Video Workflow: A Quickstart Guide

October 13, 2020 |

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There are multiple approaches you can take when setting out to solidify your video workflow. In fact, the best part about video is that you can mix and match best practices that fit the needs of you, your team and the projects you create. When building a process for your video team, there are four areas to consider: capture, organize, edit and finish. These areas impact a video team’s ability to optimize creativity and meet the demands of video content creation. 


Let’s dive in!




“Begin with the end in mind,” is excellent advice as you begin to lay the foundation of your video workflow. In other words, what are you shooting and why? The answer to this question will inform both production and post-production decisions and set you up for success in delivering a final product.


Here are a few things to consider to get the ball rolling:


Will you be shooting raw or log? If you’re shooting raw, will it be Pro Res Raw, RED RAW, Black Magic Raw, or something else? If you’re unclear as to the benefits of raw, here’s a quick breakdown of the history of raw and what it is today.


What frame rate, resolution, and aspect ratio will you be shooting? Do you have storage fast enough to playback that kind of footage reliably? Will you be working with other people during post-production? If so, do you need shared storage?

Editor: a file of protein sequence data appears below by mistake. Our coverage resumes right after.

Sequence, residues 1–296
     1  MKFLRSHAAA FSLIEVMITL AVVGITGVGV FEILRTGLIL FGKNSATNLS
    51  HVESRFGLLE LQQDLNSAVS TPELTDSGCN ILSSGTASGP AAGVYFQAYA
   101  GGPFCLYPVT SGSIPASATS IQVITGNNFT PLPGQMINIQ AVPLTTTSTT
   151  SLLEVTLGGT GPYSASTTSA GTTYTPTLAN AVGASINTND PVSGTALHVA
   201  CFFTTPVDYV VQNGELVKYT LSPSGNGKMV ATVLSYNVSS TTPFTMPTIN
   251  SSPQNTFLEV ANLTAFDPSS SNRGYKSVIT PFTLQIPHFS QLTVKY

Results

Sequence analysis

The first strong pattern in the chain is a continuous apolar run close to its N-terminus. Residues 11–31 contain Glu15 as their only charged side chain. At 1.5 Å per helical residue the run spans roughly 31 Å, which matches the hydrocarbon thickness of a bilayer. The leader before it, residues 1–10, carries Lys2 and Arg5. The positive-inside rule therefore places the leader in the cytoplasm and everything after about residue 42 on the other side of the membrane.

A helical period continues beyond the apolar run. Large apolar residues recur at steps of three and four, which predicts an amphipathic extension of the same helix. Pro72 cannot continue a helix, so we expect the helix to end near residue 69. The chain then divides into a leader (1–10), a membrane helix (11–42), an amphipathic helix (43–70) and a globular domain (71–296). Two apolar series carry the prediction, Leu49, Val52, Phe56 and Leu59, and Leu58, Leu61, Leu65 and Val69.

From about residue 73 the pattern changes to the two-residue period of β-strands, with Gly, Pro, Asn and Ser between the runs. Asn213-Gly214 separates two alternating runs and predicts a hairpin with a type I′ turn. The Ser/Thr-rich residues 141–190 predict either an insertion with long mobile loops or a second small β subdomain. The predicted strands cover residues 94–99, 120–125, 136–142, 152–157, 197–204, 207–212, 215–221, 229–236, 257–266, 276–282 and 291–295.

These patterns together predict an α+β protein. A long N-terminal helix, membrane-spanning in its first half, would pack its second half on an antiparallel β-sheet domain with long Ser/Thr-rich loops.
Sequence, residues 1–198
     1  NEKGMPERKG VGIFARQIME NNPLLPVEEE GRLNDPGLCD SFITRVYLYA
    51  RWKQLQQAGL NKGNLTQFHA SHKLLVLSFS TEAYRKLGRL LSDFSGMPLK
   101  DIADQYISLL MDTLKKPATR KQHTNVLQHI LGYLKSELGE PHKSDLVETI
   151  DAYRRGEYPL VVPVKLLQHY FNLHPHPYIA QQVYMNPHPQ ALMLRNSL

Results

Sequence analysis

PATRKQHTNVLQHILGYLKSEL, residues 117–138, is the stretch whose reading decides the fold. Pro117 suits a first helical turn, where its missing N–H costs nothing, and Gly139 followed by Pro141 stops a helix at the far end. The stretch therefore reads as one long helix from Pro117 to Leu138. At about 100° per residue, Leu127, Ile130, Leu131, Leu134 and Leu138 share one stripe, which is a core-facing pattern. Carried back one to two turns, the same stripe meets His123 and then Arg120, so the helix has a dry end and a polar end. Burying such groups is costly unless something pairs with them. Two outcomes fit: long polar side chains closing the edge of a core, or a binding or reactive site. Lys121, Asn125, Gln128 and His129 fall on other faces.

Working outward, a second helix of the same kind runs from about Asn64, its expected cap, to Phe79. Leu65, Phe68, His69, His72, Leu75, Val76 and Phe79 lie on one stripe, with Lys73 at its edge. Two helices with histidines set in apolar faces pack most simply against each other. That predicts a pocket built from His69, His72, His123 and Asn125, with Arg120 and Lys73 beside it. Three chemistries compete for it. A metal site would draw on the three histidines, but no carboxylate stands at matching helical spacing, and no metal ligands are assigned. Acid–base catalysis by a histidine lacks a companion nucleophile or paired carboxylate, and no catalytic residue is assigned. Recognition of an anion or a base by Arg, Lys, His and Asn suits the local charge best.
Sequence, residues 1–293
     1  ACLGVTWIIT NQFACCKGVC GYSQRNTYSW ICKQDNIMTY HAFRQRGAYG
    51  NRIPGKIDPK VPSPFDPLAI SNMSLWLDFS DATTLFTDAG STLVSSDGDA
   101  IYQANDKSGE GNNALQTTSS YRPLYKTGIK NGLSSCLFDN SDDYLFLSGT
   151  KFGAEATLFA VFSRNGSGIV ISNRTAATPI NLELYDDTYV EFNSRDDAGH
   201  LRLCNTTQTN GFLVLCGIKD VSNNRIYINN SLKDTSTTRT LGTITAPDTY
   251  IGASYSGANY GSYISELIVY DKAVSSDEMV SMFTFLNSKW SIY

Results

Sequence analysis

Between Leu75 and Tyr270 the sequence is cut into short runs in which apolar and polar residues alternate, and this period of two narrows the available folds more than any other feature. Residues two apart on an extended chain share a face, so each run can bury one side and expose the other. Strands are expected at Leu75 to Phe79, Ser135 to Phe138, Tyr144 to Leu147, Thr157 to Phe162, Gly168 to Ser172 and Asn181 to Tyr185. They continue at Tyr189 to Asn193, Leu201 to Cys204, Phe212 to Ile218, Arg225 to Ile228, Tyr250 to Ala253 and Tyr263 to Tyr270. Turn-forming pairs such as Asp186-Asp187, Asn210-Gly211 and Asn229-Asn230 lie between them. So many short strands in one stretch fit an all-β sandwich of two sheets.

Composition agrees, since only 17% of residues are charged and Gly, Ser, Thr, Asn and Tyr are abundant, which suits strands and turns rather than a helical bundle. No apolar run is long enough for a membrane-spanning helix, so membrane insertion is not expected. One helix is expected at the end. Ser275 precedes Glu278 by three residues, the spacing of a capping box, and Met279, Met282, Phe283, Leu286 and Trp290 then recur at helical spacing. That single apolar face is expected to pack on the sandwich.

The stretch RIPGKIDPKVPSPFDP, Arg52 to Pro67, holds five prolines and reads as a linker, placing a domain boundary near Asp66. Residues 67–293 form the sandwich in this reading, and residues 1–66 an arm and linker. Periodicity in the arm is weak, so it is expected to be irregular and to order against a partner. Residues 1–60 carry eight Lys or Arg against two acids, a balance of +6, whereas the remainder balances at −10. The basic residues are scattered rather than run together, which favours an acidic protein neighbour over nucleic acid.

External hard drives and RAIDS have been an appropriate, albeit time-consuming, option for most small video teams. The more people you have between external hard drives and RAIDS, however, the more time consuming it becomes to keep everyone on the same page. If you’re working with multiple people, there are logical reasons for making the switch to shared storage. When working with shared storage, you'll need to think about whether you need to edit in HD, 4K, or higher resolution. You'll also need to consider security, especially if working on a wider network.


Once you’ve decided what storage you’re using, you need to figure out how to get the files from set into post. You’ll also want to make sure you have enough ports for any additional backups. As a practice, it’s a good idea to have 3 copies of your media in 2 different places and only edit from one. At least two of those copies should be edit ready, while one could be a longer-term backup (like Cloud Storage or LTO tape). If you don’t have enough ports, look into purchasing Thunderbolt or USB hubs. When copying footage to your storage, trying using an application that support checksum verification. This will ensure your data hasn’t been corrupted during the copy.




So you’ve shot your footage and copied it over to the storage of your choice. But before you start editing, it’s a good idea to get organized. Different types of projects require different organizing strategies. The primary project organization types are scripted/narrative and non-scripted/documentary. For either project type, it is a good idea to start your organization with the proper folder structure. We suggest starting with folders for Footage, Projects, Graphics, Music, Sound Effects, Documents, and Exports.